Today's Coming Crisis Movie

Thursday, February 2, 2012

Confessions of a Chinese graduate

When I was a kid, university graduates were as rare as unicorns, now they are more like popcorn: cheap and plentiful.

No big surprise, considering there are millions of fresh ones every year to join a large pool of millions of existing ones. All are desperate for white-collar jobs that are not easy to come by in China’s manufacturing economy. The problem of university graduates finding jobs has been debated in the media for at least a decade as a difficult social issue and it never improves.

My father is a cleaner at a local paper mill. In his mid-fifties without any professional skills, he works for 50 yuan a day. What can 50 yuan buy? Two cups of coffee at this not-too-fancy coffee shop in Beijing where I am typing these words. But if you are a college graduate and want to find a job in my hometown, you can expect to start with an even lower salary than my father. Earlier this year when I went back to my home village, my parents told me that a girl in the village had gone mad. Why? She went to college, where she studied English for four years, and the best job she could get was to peel shrimps with coworkers, who finished middle school and were at least four years younger than her.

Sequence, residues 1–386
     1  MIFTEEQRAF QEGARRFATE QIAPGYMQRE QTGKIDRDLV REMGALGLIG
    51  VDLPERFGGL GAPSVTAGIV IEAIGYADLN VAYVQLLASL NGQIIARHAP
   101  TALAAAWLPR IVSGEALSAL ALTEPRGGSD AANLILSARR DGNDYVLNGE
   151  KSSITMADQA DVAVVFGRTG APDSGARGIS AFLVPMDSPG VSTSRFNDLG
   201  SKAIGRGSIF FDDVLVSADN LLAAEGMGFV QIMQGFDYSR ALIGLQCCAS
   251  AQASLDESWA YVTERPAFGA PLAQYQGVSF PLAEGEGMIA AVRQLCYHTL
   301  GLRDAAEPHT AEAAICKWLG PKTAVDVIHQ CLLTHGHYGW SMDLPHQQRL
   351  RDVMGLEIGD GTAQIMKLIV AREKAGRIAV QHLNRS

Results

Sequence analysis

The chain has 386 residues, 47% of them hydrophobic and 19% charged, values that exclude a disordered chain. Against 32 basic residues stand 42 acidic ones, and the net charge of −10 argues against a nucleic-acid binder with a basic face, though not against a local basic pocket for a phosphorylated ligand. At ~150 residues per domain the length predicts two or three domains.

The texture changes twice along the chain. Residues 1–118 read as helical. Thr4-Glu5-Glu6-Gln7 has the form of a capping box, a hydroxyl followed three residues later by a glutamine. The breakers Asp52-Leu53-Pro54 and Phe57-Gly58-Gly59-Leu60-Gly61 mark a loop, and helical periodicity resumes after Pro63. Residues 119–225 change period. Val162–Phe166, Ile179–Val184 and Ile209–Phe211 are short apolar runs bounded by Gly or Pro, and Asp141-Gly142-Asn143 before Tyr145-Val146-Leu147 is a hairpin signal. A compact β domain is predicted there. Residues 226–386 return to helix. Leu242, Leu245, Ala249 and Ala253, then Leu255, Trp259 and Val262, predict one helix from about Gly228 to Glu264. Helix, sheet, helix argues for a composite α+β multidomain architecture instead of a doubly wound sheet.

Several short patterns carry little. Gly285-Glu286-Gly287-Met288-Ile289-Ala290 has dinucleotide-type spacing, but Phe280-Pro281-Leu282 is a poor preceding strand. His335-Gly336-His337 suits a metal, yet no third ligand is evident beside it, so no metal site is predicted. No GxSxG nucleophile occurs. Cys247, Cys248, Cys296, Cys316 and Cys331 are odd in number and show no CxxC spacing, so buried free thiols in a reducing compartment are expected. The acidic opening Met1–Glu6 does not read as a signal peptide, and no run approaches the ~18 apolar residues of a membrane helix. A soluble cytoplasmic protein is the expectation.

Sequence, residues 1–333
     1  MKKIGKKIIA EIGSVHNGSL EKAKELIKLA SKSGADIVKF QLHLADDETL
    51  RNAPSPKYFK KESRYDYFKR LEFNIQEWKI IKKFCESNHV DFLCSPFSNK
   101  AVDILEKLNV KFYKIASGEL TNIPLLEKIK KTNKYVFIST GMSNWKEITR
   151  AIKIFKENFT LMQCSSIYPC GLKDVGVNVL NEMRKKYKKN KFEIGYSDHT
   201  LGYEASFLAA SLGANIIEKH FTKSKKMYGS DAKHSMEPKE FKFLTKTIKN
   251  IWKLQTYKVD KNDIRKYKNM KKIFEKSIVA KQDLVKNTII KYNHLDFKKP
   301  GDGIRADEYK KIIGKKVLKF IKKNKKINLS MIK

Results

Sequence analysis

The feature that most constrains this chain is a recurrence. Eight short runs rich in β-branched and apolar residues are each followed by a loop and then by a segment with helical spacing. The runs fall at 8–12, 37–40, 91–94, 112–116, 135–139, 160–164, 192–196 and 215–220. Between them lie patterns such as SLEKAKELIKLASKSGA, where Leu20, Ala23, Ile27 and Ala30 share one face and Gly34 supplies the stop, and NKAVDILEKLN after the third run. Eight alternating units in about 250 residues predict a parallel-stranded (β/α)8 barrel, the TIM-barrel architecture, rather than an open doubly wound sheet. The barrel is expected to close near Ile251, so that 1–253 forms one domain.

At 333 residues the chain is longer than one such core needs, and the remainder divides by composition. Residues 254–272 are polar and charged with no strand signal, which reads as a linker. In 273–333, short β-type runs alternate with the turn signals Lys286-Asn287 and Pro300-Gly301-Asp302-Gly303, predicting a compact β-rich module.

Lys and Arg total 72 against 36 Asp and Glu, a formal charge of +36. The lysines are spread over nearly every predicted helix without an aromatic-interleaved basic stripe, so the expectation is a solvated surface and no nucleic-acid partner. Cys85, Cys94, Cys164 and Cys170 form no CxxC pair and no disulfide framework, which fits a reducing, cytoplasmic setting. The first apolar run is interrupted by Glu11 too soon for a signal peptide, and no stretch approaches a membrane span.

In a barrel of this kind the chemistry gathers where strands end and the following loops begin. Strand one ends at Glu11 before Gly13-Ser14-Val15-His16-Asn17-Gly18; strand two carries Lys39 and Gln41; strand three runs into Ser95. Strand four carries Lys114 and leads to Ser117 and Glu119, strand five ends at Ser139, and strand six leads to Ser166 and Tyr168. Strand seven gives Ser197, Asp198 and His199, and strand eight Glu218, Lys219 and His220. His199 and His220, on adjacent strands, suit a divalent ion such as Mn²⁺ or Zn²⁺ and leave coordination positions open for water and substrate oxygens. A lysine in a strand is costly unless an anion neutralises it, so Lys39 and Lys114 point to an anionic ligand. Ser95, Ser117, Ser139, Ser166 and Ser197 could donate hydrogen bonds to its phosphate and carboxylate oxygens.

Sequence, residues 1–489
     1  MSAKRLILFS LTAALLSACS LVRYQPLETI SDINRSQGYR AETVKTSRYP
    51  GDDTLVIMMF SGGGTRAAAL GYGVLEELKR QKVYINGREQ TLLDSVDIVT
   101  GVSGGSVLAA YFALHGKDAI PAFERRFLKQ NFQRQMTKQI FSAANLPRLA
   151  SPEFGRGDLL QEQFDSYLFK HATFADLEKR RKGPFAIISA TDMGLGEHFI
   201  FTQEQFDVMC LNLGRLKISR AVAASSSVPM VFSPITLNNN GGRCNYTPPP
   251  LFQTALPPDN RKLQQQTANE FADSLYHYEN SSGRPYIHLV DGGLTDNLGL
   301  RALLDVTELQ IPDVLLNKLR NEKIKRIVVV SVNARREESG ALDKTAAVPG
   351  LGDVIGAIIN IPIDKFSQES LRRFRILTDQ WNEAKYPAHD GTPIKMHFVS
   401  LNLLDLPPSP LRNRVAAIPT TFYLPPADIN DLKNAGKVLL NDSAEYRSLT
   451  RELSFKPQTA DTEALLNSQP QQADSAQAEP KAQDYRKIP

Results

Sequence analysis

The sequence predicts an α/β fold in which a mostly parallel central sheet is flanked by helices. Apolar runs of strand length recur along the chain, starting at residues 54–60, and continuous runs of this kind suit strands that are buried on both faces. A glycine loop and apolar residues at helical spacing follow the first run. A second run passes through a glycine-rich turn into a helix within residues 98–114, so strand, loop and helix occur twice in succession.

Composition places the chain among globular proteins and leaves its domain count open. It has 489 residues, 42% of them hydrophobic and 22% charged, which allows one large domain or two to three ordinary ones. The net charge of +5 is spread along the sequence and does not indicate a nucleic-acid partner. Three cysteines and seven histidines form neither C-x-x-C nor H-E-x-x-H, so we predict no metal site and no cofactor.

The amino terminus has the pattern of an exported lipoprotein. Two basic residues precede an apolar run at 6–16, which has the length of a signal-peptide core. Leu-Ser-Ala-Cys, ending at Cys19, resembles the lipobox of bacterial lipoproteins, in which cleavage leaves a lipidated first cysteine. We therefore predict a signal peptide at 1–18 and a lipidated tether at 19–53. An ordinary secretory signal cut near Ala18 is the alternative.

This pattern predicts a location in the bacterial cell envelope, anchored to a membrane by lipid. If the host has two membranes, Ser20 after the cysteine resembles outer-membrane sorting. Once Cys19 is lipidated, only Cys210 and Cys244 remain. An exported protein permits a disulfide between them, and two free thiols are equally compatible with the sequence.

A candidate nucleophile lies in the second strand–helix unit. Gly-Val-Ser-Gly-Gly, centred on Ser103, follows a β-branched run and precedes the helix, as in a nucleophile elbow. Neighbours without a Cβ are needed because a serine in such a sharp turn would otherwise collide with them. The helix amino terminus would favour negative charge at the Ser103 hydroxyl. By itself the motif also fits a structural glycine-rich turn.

So, a college degree, once a coveted holy grail, a glamorous passport to a fulfilled and secure life, has lost its luster, right? So people are shunning it and pursuing happiness through a different course, right? The fact is that despite the bleak financial prospects and diminishing advantages of being a graduate, the competition to become one has never been any more severe. Read More